My kids are learning about ‘negative’ emotions at school – I tell them there’s no such thing

My kids are learning about ‘negative’ emotions at school – I tell them there’s no such thing

“We learnt about positive and negative emotions at school today,” my 10-year-old told me recently.

“Right,” I replied, “and what are negative emotions?”

And she listed them off: anger, sadness, guilt, jealousy, frustration.

“We played a little board game about emotions,” she added. “When you land on a positive emotion you keep going, but landing on negative emotions means you have to move backwards.”

And so, she and I had a little chat about emotions.

There’s no such thing as negative emotions

On a surface level, I get that things like anger and jealousy can be seen as negative. And I can see how that can fit within a snippet of school curriculum.

But, as a parent, I’m about going into deeper life skills and thoughts.

So I told my daughter this: “To me, there’s no such thing as positive and negative emotions – they are all just emotions. There are, however, positive and negative ways to deal with those emotions.”

“There’s no such thing as positive and negative emotions – they are all just emotions. There are, however, positive and negative ways to deal with those emotions.”

See, the problem with labelling some emotions as “negative” is that we start to think of them as bad things. We start to fear those things being part of us or happening to us. We start to hope we can avoid those feelings.

But we’re humans: we’re going to feel every one of those “negative” emotions many, many times in our lives. That’s a fact.


Read this too: 5 ways to build your parental resilience


 

Don't miss I'm Fine and Other Lies by Megan Blandford #postnataldepression #postpartumdepression #pnd #selfkindness

Emotions are just emotions

I told my daughter – and continue to tell her and her sister – that emotions are just emotions. It’s okay to feel sad that your pet guinea pig died, it’s okay to feel frustrated about not being able to do something well, it’s okay to feel angry that some kid is bullying you.

It’s how you deal with those feelings that counts.

I didn’t go to the school to talk to them about labelling emotions this way (although I was tempted), because I know that my kids are going to face such opinions in their lives. Rather than try to obliterate those opinions, I can teach them to challenge them; to throw around different ideas in their minds (because my take on it might not fit with them either) and come up with what works for them.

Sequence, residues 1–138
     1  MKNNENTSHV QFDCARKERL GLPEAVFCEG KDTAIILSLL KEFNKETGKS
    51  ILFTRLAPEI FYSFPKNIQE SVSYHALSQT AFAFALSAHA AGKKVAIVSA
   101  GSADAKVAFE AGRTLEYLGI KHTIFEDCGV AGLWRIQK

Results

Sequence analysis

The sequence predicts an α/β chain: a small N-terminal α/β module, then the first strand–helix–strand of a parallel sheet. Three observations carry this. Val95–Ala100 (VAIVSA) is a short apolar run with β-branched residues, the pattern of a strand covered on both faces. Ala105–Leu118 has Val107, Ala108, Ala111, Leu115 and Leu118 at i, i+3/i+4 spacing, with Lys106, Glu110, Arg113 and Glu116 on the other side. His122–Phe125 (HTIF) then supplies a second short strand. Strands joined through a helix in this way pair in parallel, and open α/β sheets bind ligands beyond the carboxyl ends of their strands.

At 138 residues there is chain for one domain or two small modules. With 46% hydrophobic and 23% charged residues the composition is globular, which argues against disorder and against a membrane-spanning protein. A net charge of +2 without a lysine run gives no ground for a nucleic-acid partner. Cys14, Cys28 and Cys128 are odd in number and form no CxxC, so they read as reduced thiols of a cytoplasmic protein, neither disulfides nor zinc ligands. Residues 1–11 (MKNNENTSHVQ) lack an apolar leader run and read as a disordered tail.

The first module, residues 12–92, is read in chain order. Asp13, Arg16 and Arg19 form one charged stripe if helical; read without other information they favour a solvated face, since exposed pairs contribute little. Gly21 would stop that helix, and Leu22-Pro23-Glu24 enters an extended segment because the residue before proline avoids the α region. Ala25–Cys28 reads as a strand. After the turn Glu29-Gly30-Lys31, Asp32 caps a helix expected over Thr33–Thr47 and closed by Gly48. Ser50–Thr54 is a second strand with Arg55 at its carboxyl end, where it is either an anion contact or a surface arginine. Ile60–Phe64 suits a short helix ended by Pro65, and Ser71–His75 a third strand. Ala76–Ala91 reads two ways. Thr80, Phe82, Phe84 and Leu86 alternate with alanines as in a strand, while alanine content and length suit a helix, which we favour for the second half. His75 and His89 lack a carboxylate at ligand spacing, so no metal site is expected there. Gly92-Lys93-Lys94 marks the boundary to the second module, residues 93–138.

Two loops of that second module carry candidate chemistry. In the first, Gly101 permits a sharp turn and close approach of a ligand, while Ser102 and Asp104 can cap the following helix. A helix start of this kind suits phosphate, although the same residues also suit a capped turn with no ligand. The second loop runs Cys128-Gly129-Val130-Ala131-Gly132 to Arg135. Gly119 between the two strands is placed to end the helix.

Negative emotions and kids

Why I think all emotions are bloody wonderful

What I didn’t tell my 10-year-old (but will one day) is the reason I feel so strongly about the “positive and negative” labelling of emotions.

I went through years of depression, and in that time I was mostly numb. I didn’t feel joy in the things that would usually make me happy, and I didn’t feel frustrated at the things that would normally annoy me; I was just kind of there in body, but without feeling much at all.

When you’ve lived without feeling emotions properly, you learn to value them. All of them.

When you’ve lived without feeling emotions properly, you learn to value them. All of them.

These days I sit with my emotions, let them come in, and I deal with them. I might go outside and kick some stuff when I’m angry at something that’s going wrong, and I’ll have a good cry when sad news comes along. When I get a rejection in my work that hits hard, I give myself a little time to feel annoyed about it before moving on. That’s not to say that I’m pleased to be feeling those ways, but I’m grateful for it.

Because when I’m feeling something, it means I’m well. It means I’m me again.

I’ve learnt the hard way that emotions aren’t negative, and I want to pass that perspective to my kids so that they, too, can feel all of life.

What do you think: negative and positive emotions, or just emotions?

Both images by Annie Spratt 

Why I’m not a fan of Mother’s Day (and what I’m doing about it)

Why I’m not a fan of Mother’s Day (and what I’m doing about it)

I don’t like Mother’s Day.

There, I’ve said it. You can disagree with me if you like, and in fact I’d love you to! Because even though we have this one thing – motherhood – in common, we’re all different and can enjoy different things in a variety of ways.